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OUTER PLANETS
Scientists predict chemicals hiding beneath Neptune's icy surface
by Brooks Hays
Washington (UPI) Aug 11, 2017


Thanks to a new computer model, planetary scientists now have a better idea of the types of chemicals hiding beneath Neptune's icy surface.

Often, scientists attempt to replicate planetary conditions in the lab, but Neptune is home to extreme pressures and temperatures, making such a method difficult. Instead, scientists at the University of Edinburgh in Scotland developed a model to simulate Neptune's high pressure and extreme cold.

The simulations allowed researchers to study how different chemicals might behave in a frozen state inside Neptune's mantle. Specifically, scientists were able to simulate interactions between water, ammonia and methane under the ice giant's extreme internal conditions.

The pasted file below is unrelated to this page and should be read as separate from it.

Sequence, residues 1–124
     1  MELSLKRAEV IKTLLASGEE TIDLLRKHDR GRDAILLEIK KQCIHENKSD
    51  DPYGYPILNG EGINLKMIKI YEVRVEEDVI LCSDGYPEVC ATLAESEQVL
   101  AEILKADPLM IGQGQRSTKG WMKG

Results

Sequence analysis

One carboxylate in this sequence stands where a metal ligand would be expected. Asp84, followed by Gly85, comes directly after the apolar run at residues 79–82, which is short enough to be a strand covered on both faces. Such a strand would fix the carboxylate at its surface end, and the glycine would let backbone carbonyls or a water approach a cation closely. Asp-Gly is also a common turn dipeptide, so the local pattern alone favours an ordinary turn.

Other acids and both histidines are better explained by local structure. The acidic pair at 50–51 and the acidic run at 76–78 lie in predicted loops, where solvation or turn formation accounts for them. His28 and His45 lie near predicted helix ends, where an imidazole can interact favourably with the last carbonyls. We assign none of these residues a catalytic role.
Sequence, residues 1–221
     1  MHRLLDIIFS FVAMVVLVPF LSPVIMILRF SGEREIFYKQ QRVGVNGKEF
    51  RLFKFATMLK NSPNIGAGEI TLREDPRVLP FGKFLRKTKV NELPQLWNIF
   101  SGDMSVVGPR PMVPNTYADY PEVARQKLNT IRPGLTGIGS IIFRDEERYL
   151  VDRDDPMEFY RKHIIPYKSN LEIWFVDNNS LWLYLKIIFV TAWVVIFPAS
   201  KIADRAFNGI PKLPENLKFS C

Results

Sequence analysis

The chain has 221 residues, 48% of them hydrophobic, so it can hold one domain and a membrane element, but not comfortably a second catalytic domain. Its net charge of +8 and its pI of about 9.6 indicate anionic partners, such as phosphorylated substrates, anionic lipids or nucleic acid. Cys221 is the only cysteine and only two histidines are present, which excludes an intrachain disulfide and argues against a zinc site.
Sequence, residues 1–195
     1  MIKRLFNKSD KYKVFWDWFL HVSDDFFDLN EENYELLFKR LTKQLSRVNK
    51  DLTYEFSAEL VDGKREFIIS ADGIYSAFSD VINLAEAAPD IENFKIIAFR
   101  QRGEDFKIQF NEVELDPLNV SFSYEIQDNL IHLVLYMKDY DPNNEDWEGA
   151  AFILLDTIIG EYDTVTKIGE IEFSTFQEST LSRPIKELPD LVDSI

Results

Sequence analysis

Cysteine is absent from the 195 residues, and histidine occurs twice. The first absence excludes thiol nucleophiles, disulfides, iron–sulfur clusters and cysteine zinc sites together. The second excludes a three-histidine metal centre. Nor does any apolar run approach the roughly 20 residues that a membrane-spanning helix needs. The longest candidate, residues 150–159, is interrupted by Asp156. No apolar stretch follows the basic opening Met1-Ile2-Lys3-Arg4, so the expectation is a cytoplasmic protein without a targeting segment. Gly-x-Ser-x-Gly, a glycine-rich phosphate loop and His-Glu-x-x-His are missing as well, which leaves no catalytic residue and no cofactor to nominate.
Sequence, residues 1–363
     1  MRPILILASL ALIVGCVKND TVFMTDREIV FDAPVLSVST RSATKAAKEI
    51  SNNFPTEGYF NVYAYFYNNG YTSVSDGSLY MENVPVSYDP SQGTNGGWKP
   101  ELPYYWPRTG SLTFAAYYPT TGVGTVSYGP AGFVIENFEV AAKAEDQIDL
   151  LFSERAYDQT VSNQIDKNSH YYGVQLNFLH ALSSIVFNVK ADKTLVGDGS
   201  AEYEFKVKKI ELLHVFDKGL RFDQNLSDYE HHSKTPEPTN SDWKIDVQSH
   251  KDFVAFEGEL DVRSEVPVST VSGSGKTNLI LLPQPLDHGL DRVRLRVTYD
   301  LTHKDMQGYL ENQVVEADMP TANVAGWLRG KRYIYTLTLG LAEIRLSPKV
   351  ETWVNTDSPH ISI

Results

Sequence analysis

"Computer models are a great tool to study these extreme places, and we are now building on this study to get an even more complete picture of what goes on there," Andreas Hermann, researcher at Edinburgh's Center for Science at Extreme Conditions, said in a news release.

The simulations suggest Neptune and other ice giants yield a rare and little-understood compound called ammonia hemihydrate. The findings could help planetary scientists at NASA prepare for future missions to icy giants.

"This study helps us better predict what is inside icy planets like Neptune," Hermann said. "Our findings suggest that ammonia hemihydrate could be an important component of the mantle in ice giants, and will help improve our understanding of these frozen worlds."

Researchers shared the details of their chemical simulations in new paper published this week in the journal PNAS.

OUTER PLANETS
Twilight observations reveal huge storm on Neptune
Berkeley CA (SPX) Aug 04, 2017
Spectacular sunsets and sunrises are enough to dazzle most of us, but to astronomers, dusk and dawn are a waste of good observing time. They want a truly dark sky. Not Ned Molter, a UC Berkeley astronomy graduate student. He set out to show that some bright objects can be studied just as well during twilight, when other astronomers are twiddling their thumbs, and quickly discovered a new feature ... read more

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